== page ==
Three years after finding one of the world’s earliest rural mosques in southern Israel, archaeologists have found a second one in the same town. Both mosques were discovered during different stages of salvation excavations in the Bedouin town of Rahat, in the northern Negev, the Israel Antiquities Authority announced Wednesday.
The excavations are directed by Oren Shmueli, Dr. Elena Kogan-Zehavi and Dr. Noe David Michael on behalf of the IAA.
The two mosques are both approximately 1,200 years old, though precise dating is challenging under the circumstances – and the newly unearthed one was built a few hundred meters from the ruins of a strangely magnificent mansion that had apparently belonged to wealthy Byzantine Christians.
The newly found mosque is classic in structure, including a square room and a wall facing the “sacred” direction of the Kaaba in the holy city of Mecca. The structure also contains a niche shaped in a half-circle, called a mihrab, located along the center of the wall and also pointing southward toward Mecca.
Why is dating the mosques a problem? In the case of the one found first and reported in 2019, it seems the people who came to pray came empty-handed, Kogan-Zehavi explains. Since the sites at Rahat – five are presently under excavation – are dated mainly by pottery, if the worshippers came without any, that is a problem. That one was dated based on finds in the buildings around it, Kogan-Zehavi says.
This second one did contain finds – in the sense that it had been built above a Christian farm, which had been discovered earlier. Thus, they reached the conclusion that it dates to the early days of Islam, the seventh century. In other words, we cannot say whether the two mosques operated at the same time – but there is no reason to think they didn’t, she says.
The ancient farming settlement at Rahat operated in the late Byzantine and early Islamic periods. It is not known, certainly not regarding the house, whether the inhabitants were Islamic nomads who swept in from the desert and settled down, or were local converts from Christianity, Kogan-Zehavi says. In any case, a city this was not; ancient Rahat was farmland, and the mosques were not central in the town; they were on its periphery.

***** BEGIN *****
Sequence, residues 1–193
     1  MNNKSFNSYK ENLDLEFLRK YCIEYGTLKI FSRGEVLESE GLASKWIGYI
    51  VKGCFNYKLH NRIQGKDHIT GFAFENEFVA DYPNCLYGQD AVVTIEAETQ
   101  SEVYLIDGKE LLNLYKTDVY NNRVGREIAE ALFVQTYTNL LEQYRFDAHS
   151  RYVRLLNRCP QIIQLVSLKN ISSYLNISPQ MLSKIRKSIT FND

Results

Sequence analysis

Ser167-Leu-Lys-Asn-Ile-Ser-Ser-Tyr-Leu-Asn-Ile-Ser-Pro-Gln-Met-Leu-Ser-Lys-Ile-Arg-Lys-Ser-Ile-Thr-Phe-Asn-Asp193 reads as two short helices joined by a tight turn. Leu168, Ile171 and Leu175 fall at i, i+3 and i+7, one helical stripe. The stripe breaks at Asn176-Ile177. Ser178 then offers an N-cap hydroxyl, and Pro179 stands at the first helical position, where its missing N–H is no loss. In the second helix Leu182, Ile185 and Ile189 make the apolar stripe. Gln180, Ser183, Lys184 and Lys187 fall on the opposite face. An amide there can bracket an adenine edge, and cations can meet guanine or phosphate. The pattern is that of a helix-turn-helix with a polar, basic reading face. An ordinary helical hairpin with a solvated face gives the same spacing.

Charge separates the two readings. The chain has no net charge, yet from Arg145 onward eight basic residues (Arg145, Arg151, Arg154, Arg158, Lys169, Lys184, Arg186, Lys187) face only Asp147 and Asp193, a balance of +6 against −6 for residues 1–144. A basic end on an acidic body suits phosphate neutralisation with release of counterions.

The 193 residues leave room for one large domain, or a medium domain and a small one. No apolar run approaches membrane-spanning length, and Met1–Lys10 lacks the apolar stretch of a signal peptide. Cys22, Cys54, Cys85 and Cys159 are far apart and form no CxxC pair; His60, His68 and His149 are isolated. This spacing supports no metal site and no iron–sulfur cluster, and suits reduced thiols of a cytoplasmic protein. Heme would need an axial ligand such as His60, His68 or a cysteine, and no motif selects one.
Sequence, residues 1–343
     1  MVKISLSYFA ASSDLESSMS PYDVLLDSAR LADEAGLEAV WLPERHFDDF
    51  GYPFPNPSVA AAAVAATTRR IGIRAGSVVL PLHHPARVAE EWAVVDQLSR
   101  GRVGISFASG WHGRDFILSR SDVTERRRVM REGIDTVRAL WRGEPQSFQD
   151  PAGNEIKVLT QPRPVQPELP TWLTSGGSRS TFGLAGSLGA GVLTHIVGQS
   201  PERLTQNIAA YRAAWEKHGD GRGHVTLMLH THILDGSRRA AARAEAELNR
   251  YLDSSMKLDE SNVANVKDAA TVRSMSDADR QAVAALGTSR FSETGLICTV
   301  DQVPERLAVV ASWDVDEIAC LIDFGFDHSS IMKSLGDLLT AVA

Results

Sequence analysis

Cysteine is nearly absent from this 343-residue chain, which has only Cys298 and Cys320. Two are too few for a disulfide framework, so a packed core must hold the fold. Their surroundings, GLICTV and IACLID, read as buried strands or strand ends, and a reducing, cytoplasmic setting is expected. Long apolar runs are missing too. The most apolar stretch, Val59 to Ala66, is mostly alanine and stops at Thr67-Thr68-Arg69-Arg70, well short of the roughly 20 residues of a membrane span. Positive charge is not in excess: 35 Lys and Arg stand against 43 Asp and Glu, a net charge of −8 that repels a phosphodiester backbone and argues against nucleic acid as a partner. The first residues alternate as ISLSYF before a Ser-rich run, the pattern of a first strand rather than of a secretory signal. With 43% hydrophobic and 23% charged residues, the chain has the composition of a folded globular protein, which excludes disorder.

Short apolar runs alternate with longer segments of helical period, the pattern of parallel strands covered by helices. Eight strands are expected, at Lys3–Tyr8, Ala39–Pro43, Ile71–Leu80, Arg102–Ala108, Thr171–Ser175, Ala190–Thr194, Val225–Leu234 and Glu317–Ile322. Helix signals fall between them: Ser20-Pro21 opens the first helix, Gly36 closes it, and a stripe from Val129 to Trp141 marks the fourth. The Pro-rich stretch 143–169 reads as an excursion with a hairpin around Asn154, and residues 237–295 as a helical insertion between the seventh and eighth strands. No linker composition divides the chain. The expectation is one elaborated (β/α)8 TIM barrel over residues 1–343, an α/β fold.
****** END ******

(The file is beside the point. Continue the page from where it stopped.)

Located a few kilometres apart, each could have served its immediately local community, calling the faithful in adjacent farms to prayer, Kogan-Zehavi says. So, even though there may have been two contemporary mosques in the same settlement, this was still not a town, let alone a city, and they can still be called extremely early rural mosques.
Elsewhere, in Har Hanegev – a range of rather small, barren mountains deep in the desert – archaeologists have found early mosques built in open land, not associated with settlements. They may have been open to the air, without roofs, and served to call people in the area to convene, Kogan-Zehavi says.
The ones at Rahat are closer to settlement, but do stand alone. The newly unearthed one could have been used by several dozen worshippers at a time.
She adds that in urban areas, one finds more early mosques but this was hinterland, and people didn’t move to farm in the Negev because that was their dream. Nicer places in Israel were “full” and they had no choice, Kogan-Zehavi explains.
This leads us to the Byzantine manse by which the second early mosque in Rahat had been built, which was first reported in 2020. It was an extraordinary structure for the Negev, more akin to a small palace. Around 30 by 30 meters (nearly 100 by 100 feet) in area, it featured lovely frescoed walls – a thing not found before in ancient domiciles in this region.
It had halls with stone pavement, some paved with imported marble (Israel has enormous amounts of chalkstone and limestone but no marble worthy of mention), plastered floors and was divided into sections.